A WELL-KNOWN local artist has opened a Clydebank Blitz memorial exhibition at the museum in the town hall.

Tom McKendrick says his display will feature unseen photographs alongside his paintings, maps, diagrams and sculptures depicting those devastating March air bombings 81 years ago.

The six-week event was planned to mark the 80th-anniversary last year but had to be postponed due to the coronavirus lockdown implemented across the country.

But now Tom’s work will again be on show following previous shows in 1991 and 2018, with him stating this year’s exhibition might be his last.

The exhibition was opened last Friday night by Councillor Bailie Denis Agnew, with Tom giving a personal tour through his collection.

And on a recent sneak peek of the artwork ahead of its opening, the Post caught up with Tom about his life’s work.

Clydebank Post: A map displays the location of the bombs of the BlitzA map displays the location of the bombs of the Blitz

He said: “This will be the last time this show is ever shown. This is the final one as I don’t think they are going to commemorate after this year. So, this is the last one.”

Tom was born and raised in Clydebank shortly after the war ended and at age 15, he served as an apprentice at the famous John Brown’s shipyard, where he worked on big liners like the QE2.

But he always had a creative itch that needed scratching and in 1970 he was accepted into the Glasgow School of Art.

Most of his artistic life has been spent documenting the horrors of the 1941 Blitz, putting on exhibitions around the country as well as in his hometown. 

His aim with the show is to educate a new generation who might not yet know the story.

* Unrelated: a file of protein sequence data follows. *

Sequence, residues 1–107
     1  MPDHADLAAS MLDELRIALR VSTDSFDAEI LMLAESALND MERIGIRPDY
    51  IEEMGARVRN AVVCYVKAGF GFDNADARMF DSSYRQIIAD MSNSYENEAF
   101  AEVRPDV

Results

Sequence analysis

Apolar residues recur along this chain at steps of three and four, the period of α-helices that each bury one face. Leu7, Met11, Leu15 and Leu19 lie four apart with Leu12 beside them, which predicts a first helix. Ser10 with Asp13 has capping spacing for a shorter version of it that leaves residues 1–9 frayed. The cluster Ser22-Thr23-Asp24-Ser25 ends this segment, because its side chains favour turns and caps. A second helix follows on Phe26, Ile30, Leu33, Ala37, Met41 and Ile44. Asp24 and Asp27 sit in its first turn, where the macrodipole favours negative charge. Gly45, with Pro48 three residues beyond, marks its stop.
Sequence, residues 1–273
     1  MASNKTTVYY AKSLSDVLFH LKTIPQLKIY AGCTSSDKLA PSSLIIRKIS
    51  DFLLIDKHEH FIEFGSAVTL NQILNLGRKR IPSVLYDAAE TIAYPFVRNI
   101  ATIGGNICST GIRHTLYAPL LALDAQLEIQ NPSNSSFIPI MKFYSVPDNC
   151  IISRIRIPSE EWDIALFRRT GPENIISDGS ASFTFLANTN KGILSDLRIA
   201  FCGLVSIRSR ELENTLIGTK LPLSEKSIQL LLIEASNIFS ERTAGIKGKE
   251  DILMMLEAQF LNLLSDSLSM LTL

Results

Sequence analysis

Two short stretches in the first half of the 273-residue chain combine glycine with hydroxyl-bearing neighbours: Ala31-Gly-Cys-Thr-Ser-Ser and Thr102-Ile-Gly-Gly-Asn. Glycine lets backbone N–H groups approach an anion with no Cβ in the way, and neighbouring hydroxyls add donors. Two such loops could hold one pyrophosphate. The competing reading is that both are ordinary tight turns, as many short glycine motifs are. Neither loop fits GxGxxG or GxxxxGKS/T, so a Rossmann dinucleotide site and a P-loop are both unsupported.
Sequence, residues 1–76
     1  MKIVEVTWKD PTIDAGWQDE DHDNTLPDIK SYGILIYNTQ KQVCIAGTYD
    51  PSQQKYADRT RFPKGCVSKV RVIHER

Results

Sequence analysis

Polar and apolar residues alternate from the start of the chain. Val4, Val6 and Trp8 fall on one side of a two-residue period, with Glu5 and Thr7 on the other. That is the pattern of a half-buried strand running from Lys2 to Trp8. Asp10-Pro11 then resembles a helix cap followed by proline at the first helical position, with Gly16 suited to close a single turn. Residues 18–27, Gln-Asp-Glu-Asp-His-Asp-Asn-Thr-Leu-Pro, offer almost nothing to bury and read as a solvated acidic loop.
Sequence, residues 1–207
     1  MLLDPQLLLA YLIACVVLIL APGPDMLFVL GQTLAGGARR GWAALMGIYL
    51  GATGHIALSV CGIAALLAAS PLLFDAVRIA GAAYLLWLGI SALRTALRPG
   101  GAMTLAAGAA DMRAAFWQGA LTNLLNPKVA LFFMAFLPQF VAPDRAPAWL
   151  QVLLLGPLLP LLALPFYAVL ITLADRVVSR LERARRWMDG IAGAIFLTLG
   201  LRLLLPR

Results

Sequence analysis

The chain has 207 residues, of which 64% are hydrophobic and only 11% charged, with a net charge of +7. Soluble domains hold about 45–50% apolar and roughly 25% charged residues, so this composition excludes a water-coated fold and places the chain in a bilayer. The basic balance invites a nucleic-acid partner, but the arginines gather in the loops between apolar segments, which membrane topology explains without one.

“The primary target at the time was oil because the U-boat campaign was going on at the time,” said Tom. 

“Thameshaven had been bombed, all the big places with all the oil tanks had been bombed because they were trying to cripple, they were trying to get Britain into submission.

Clydebank Post: The exhibition is free of charge and open Monday to FridayThe exhibition is free of charge and open Monday to Friday

“There’s a bit in the book about the Luftwaffe had filmed, had literally photographed Britain, it was the first aerial survey of Britain, was committed by the Luftwaffe in 1938, not 1939.

“When you look at the numbers on the sheets, they were bloody good at it, they were very thorough.”

This collection has been amassed through years of research and by talking to those affected by the Blitz and Tom has dedicated his life to his trade.


Read More: Clydebank Blitz: Dedication ‘saved life of clerk’


His exhibition is open between 9am and 4.40pm Monday to Friday and is free to everyone. 

Guests will receive a free book with the visit detailing the story behind the exhibits.